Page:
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What questions can I ask an interview candidate that would allow me to know whether he's a "copy-and-paste coder"?

We're finding that even when candidates answer coding questions well in an interview, once on the job they'll still tend toward copying rather than refactoring.

Anyone else have similar experiences?

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closed as not constructive by casperOne Dec 1 '11 at 18:59

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9 Answers 9

The first step in our interview process is a 5-minute online question. We give the candidates something like "FizzBuzz" or "Recursive fibonacci" or "Find factorial of n".

We don't have any rules. Nothing about pasting, or the code needing to compile, or what language it should be in - just do it. The 5-minute timeframe forces most candidates down one of two roads - write some pseudocode (or mostly-working code), or Google it.

When we get the answer, we Google the answer. Roughly half the time, it's been copied from some site. Our expectation is that if they spent 5 minutes finding the answer on Google, it should not only compile but it should be the absolute cleanest, best example of a solution for that problem out there. About half the time, the pasted answers are utter crap. We even get a number that didn't paste the entire snippet in, missed a whole chunk!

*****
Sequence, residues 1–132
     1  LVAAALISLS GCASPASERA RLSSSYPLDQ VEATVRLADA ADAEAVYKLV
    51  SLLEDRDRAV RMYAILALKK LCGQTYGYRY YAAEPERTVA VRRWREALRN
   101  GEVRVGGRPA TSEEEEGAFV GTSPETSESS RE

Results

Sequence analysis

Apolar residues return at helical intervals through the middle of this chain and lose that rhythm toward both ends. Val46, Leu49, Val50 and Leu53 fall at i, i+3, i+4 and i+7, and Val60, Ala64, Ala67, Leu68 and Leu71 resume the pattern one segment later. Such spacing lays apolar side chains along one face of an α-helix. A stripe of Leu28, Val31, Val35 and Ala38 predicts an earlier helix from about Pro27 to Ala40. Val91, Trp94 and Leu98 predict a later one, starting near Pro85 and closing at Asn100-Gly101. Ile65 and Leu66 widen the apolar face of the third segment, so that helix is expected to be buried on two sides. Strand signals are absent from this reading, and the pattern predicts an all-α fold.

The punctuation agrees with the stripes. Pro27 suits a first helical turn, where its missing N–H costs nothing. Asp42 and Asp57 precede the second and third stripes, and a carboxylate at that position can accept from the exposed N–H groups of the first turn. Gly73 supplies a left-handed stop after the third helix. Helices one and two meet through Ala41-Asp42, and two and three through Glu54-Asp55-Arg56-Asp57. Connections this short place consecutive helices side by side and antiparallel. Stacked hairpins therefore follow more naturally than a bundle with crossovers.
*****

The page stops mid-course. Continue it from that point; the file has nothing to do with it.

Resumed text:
Copy-pasters tend to be exposed when they don't have a compiler to check them. Their modus operandi is paste, compile, tweak, compile. If they just paste a solution from a web page into another web page and submit it, they have nothing telling them they need to fix it.

This has worked extremely well - no one has made it to the phone screening who shouldn't.

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I have people describe (in detail) a hard problem than they were proud of having solved. It's pretty easy to tell if they never really understood the details or simply hadn't worked through the problem themselves. Enthusiasm (sparkle even!) while describing the solution is a big plus. Gotta have a love for problem solving!

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If the candidate is literally sparkling, then that candidate is probably a vampire. –  user240515 Oct 25 '10 at 15:15